04 July 2016

RESEARCH - Dogs May Have Been Domesticated Twice

Scientists have theorized for years about when and where and how dogs were domesticated, without ever reaching a consensus.

Were they domesticated in East Eurasia and traveled west? In West Eurasia and traveled east? Where did they first become our companions, and how did our relationship with them develop?

These questions hold a lot of interest for scientists and for dog lovers, because our relationship with dogs is unique.

Not only are dogs an integral part of many people’s lives and critical in industries from farming to health care, they are also the only animal domesticated before the development of agriculture.

It’s possible that the reason scientists could never come to an agreement on the origin of domestic dogs is because they were each contributing a piece to a puzzle that is much bigger and covers much more geographical area than anyone anticipated.

Although domesticated animals are all around us – dogs, of course, but also horses, chickens, pigs, and others – the process of domestication is rare and complex. It doesn’t happen often, and no one understands exactly how it happens even though there are clues as to the when and where of it happening.

Now there is a better understanding of when and where it happened with dogs, and the answer isn’t East Eurasia or West Eurasia, the answer is both.

New research suggests that dogs were domesticated twice, at separate times and in separate locations, from two distinct wolf populations - once in Eastern Eurasia, and once in Western Eurasia.

The scientists combined ancient genetic material from 59 dog DNA fragments found across the European continent with 167 sequences of modern dog DNA.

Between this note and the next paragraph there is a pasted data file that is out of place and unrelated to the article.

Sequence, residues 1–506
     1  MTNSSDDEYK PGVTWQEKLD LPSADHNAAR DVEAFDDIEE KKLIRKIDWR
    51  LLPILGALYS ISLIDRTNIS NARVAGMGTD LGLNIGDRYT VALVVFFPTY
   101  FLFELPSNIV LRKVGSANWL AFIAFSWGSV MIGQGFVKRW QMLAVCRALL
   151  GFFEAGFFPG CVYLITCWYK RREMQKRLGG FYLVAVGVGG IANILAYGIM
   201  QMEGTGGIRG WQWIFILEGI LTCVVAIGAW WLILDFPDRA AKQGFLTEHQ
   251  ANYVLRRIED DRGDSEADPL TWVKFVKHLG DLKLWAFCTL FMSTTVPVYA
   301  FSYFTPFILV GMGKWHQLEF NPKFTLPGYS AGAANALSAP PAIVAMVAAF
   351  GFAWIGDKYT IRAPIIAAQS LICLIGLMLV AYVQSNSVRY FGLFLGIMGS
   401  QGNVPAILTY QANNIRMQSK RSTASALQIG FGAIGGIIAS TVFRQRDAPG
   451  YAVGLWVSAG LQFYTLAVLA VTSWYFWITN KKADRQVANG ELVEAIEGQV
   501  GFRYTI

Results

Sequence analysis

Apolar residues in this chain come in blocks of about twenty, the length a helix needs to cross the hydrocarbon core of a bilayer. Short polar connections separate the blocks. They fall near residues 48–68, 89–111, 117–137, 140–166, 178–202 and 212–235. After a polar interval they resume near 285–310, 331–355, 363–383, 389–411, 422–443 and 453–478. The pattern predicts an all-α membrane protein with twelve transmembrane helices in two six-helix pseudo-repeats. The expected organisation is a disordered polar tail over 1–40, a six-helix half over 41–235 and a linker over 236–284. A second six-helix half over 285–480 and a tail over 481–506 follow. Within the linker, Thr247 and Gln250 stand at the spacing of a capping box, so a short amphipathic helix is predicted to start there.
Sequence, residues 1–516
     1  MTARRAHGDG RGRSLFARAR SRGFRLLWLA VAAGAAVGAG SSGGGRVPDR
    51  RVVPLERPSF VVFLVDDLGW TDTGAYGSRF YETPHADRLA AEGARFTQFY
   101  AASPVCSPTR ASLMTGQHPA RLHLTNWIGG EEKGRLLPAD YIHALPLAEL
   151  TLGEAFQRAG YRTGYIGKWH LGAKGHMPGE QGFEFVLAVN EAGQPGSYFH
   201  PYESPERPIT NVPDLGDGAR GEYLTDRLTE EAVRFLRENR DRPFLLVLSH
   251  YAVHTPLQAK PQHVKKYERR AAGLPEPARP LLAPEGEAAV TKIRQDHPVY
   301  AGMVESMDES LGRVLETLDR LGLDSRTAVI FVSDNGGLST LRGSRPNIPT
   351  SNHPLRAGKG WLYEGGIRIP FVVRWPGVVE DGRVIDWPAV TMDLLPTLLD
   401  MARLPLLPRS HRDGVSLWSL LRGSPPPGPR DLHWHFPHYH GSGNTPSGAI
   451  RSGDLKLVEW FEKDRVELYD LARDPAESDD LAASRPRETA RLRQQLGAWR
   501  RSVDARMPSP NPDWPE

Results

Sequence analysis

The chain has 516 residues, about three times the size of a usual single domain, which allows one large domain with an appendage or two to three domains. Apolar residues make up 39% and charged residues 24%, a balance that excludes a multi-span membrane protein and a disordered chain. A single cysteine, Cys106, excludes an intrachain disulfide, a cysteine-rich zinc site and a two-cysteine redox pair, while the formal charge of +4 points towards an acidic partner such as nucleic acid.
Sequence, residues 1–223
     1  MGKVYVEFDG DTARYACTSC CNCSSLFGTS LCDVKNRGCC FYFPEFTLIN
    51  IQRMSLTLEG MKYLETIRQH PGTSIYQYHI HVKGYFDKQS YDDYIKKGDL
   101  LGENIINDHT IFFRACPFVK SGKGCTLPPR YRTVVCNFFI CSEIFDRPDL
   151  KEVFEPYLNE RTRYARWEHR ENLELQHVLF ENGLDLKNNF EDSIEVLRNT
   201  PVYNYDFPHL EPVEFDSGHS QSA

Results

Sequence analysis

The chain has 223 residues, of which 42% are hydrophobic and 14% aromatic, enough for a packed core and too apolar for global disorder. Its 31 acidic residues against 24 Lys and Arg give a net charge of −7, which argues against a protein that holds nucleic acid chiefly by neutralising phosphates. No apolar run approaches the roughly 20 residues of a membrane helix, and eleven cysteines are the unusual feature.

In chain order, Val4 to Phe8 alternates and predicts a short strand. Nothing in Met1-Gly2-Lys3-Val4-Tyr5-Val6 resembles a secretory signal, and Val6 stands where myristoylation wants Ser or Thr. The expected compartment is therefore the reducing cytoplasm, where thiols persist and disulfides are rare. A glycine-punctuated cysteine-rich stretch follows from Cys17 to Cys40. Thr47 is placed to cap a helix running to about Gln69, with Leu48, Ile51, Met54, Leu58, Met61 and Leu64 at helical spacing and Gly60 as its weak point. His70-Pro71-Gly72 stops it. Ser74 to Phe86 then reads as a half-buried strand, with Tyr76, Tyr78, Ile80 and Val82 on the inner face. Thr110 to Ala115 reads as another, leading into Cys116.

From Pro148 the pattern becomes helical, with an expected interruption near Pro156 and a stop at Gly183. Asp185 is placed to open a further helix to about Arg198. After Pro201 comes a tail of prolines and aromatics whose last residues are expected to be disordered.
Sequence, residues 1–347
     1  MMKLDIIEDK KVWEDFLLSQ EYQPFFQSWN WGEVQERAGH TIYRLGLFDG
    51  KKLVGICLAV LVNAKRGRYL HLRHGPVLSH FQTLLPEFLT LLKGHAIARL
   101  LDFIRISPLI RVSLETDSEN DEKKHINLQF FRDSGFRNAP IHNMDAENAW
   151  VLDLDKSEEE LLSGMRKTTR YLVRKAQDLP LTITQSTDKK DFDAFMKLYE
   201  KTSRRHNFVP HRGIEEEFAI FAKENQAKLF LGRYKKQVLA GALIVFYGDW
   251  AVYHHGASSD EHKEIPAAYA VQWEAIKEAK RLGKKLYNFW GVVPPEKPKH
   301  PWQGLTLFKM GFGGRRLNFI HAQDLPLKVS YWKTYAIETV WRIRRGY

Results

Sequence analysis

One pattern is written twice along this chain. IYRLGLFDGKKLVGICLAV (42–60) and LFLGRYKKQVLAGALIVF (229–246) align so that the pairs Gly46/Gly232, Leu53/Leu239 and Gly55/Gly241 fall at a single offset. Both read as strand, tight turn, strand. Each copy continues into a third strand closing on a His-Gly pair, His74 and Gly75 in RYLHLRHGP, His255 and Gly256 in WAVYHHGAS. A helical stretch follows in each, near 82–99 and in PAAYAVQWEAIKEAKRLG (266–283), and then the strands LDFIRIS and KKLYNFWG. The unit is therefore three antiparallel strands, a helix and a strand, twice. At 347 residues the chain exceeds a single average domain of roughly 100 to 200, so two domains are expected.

They were able to sort these sequences, and determine that there was “clear turnover in the mitochondrial ancestry of European dogs,” meaning that at some point there was an introduction of new DNA in the European dog population. This new DNA came from East Asian dogs, dogs that had been domesticated from a separate wolf population.

In addition to the DNA evidence, the archaeological evidence also supports the idea of two distinct domestication events.

Dog remains have been found in Eastern Eurasian sites as old as 12,500 years, and in Western Eurasian sites as old as 15,000 years. But the oldest dog remains found in Central Eurasia are approximately 8000 years old.

This suggests that there was not a single cross-continental dog population, but rather two separate populations that eventually made their way into Central Eurasia.

The archaeological evidence has presented a challenge to the understanding of dog domestication for years, because although it had been theorized that dogs had been domesticated twice, there wasn’t supporting DNA evidence.

And, as Professor Greger Larson told Science Daily, “Animal domestication is a rare thing and a lot of evidence is required to overturn the assumption that it happened just once in any species.”

This finding provides the evidence to overturn that assumption, and offers insight into humans’ long relationship with dogs. 

By Tiffany Sostar
Tiffany is a writer, editor, academic, and animal lover who came late to her appreciation of pets. At 18, a rescue pup named Tasha saved her from a depression and she hasn't looked back. She has worked as the canine behaviour program coordinator for the Calgary Humane Society, and was a dog trainer specializing in working with fearful and reactive dogs for many years. She doesn't have any pets right now, but makes up for it by giving her petsitting clients (and any dogs she comes across on her frequent coffee shop adventures) extra snuggles.

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